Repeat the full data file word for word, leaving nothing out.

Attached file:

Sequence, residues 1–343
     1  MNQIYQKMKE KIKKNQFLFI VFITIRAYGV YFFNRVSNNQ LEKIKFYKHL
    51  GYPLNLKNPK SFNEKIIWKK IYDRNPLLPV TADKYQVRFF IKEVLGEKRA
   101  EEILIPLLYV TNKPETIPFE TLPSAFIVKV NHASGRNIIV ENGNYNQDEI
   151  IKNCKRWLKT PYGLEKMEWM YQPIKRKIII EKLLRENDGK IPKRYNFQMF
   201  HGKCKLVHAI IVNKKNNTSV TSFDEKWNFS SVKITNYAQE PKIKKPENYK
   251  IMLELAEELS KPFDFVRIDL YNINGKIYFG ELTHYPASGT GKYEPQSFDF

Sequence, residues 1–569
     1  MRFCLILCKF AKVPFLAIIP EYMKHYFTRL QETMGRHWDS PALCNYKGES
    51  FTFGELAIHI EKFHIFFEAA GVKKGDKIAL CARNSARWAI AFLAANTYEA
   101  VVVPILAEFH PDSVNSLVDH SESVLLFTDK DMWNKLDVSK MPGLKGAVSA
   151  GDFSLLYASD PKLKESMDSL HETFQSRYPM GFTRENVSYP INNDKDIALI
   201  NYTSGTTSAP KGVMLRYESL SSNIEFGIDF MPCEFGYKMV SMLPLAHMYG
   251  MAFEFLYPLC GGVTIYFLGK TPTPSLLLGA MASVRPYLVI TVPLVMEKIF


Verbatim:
Sequence, residues 1–343
     1  MNQIYQKMKE KIKKNQFLFI VFITIRAYGV YFFNRVSNNQ LEKIKFYKHL
    51  GYPLNLKNPK SFNEKIIWKK IYDRNPLLPV TADKYQVRFF IKEVLGEKRA
   101  EEILIPLLYV TNKPETIPFE TLPSAFIVKV NHASGRNIIV ENGNYNQDEI
   151  IKNCKRWLKT PYGLEKMEWM YQPIKRKIII EKLLRENDGK IPKRYNFQMF
   201  HGKCKLVHAI IVNKKNNTSV TSFDEKWNFS SVKITNYAQE PKIKKPENYK
   251  IMLELAEELS KPFDFVRIDL YNINGKIYFG ELTHYPASGT GKYEPQSFDF

Sequence, residues 1–569
     1  MRFCLILCKF AKVPFLAIIP EYMKHYFTRL QETMGRHWDS PALCNYKGES
    51  FTFGELAIHI EKFHIFFEAA GVKKGDKIAL CARNSARWAI AFLAANTYEA
   101  VVVPILAEFH PDSVNSLVDH SESVLLFTDK DMWNKLDVSK MPGLKGAVSA
   151  GDFSLLYASD PKLKESMDSL HETFQSRYPM GFTRENVSYP INNDKDIALI
   201  NYTSGTTSAP KGVMLRYESL SSNIEFGIDF MPCEFGYKMV SMLPLAHMYG
   251  MAFEFLYPLC GGVTIYFLGK TPTPSLLLGA MASVRPYLVI TVPLVMEKIF